In case you missed it, sunday our long journey to the US release of the Nintendo 3DS finally come to an end. The system has launched, the games are out, the reviews are in, and predictably the lines are long. Nintendo has had a pretty successful launch by all accounts. No major problems, the system is working, a spatter of 16 launch titles of varying quality. So why am I not excited? Why don’t I really care? It’s been such a long odyssey waiting for the damn system and I’ve posted at least 5 articles on the freaking thing, so why has my enthusiasm diminished? I’ve been thinking long and hard about it and I think I’ve figured it out now.
Throughout reading reviews from a vast array of sites ranging from tech sites like ArsTechnica and Gizmodo, gaming sites like IGN and Joystiq, and even mainstream sources like The New York Times and the Wall Street Journal, one thing has become quite clear: the 3D works….. sometimes. The parallax barrier is designed as such that it does work as advertised, but some games don’t use the feature well at all and while the depth slider can allow for good adjustment on the fly, moving even a little bit messes up the illusion, causing headaches. You CANT have the one feature that makes or breaks your device work sometimes. It needs to be reliable or don’t have it at all.
You know, it’s strange because we often think about Nintendo as the company that moves slowly with technology, when that’s really not the case. Nintendo was the first to usher in analog control, motion control, touch controls, and now stereoscopic 3D graphics. Nintendo is a great company for innovating with new and interesting technology to enhance the way we play games. That is most certainly and undeniably true: Nintendo has been one of the greatest innovating forces ever in the history of video games. But they still miss the mark. Because with every innovation the company makes, they completely miss what the rest of the market introduces and makes essential to gaming. When Nintendo goes to analog control, Sony starts using CDs. When Nintendo starts using touch controls, Apple revolutionizes how we access our content. Nintendo introduces motion controls but completely misses the boat on HD graphics and the next generation of online infrastructures. And now with the 3DS, Nintendo has brought 3D gaming but seems to have forgotten about the 5 years of software development in the mobile space.
For every great, generation-defining innovation makes, Nintendo forgets about meeting consumers with the features considered common place. Friend codes is a great example. Nintendo has thrown players a bone with finally giving you a single code for your machine, used across games. That and assigning a Mii as your avatar is about it. There’s no way to look up friends, no interactive plaza for finding friends, no way to look up players by name. Linking to friends still requires you to get their friend code from them through other channels than Nintendo’s own system. Why does Nintendo, as ArsTechnica put it, fear a social planet? Why do they constantly provide a framework but fail to flesh it out? In a world where mobile devices are capable of innumerable operations for our daily lives, why does Nintendo offer a pedometer and….uh…. Bueller?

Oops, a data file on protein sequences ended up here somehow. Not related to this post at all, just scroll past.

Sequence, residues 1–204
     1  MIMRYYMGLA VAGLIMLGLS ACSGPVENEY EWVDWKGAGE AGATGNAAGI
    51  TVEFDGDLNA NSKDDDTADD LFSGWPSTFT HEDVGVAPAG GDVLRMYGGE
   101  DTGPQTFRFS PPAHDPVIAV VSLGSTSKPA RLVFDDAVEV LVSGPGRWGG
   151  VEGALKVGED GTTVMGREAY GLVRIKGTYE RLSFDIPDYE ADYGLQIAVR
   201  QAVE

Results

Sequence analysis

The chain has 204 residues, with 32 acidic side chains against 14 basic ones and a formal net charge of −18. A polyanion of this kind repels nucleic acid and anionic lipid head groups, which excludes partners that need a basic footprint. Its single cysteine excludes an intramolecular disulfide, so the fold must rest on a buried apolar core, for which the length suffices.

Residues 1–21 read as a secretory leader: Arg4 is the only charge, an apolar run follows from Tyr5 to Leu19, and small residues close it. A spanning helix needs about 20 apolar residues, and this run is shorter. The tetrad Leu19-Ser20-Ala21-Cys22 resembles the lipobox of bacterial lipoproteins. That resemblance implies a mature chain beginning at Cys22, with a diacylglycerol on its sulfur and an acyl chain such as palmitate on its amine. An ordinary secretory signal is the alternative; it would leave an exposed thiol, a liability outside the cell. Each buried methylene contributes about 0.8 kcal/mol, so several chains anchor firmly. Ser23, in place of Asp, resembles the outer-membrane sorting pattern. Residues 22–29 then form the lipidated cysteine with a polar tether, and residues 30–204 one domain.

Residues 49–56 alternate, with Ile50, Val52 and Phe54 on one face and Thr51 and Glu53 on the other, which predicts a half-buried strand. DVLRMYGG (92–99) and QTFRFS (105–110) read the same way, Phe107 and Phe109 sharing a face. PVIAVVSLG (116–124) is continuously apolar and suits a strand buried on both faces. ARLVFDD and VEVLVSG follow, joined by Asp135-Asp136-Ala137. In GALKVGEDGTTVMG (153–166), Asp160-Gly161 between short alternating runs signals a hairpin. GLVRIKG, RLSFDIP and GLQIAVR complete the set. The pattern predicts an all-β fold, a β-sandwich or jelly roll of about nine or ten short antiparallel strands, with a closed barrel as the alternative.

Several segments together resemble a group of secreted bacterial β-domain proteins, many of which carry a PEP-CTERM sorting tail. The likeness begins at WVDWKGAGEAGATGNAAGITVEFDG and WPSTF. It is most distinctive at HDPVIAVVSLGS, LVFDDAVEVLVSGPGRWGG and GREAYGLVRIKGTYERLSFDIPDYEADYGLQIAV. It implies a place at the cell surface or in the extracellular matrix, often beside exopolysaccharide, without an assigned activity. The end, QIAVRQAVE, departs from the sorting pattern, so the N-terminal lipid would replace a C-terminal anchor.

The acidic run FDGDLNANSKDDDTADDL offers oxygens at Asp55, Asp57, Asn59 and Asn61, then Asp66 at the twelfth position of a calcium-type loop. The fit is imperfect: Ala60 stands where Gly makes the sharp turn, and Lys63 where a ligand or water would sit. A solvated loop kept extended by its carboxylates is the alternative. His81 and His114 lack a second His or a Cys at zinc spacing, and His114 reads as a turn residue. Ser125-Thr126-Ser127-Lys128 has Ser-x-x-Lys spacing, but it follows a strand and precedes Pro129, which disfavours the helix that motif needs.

The same goes for hardware. Some choices from Nintendo seem frustratingly short-sighted. In a post-iPhone world where multi-touch is ubiquitous, why is the 3DS touch screen still stylus-based, resistive affair? Why are the cameras so god awful and the software nothing more than a quick diversion that will attract a toddler for an afternoon? Why is the battery life so atrocious?
I think the problem is that Nintendo continues to try to out innovate themselves and now it has approached gimmick levels. The 3DS has only proved that 3D gaming is possible, not that its necessary or inherently better. The quality of a game should be in its design, narrative, content, and gameplay. Not how it is presented or the type of input used. Adam Sessler’s most recent “Sessler Soapbox” weighed the same issue because he too has had a serious loss of enthusiasm towards the 3DS. In his belief – which I agree with – Nintendo has made the game industry think that it needs to change the way we play, but not what we play. Move and Kinect and the Wiimote are just replacements for existing systems, but these controller types have at best proven marginally more immersive than a gamepad or at worst vastly underused and poorly executed. We can’t have such a wild range of quality in the most basic way we interact with our games (the same is true for the 3DS display). Why do we feel the need to change how we play when we continue to watch movies and read books the way we have for the past century?
Nintendo wants you to believe that they are placing the games before the technology, but that’s just not the case. They still care about the hardware before the game, just not the processing silicon. Nintendo is willing to recycle old games as long as you control it (or view it) differently. Pilot Wings Resort is a barebones, phony flight simulator with nothing particularly exciting happening. Ocarina of Time will be a remake of a great game, but that’s really it. These games don’t feel even remotely as inspired in their design as Assassin’s Creed, Mass Effect or Minecraft. These games push the medium forward in a variety of aspects, and they do it just fine with existing inputs and display technologies.
So the 3DS might be a good gaming machine and great games will most certainly arrive on the system. But the 3DS sets a bad precedent of leveraging gimmicks before truly inspired game design and incomplete experiences. Here’s hoping the 3DS Lite brings major software improvements and better battery life to boot.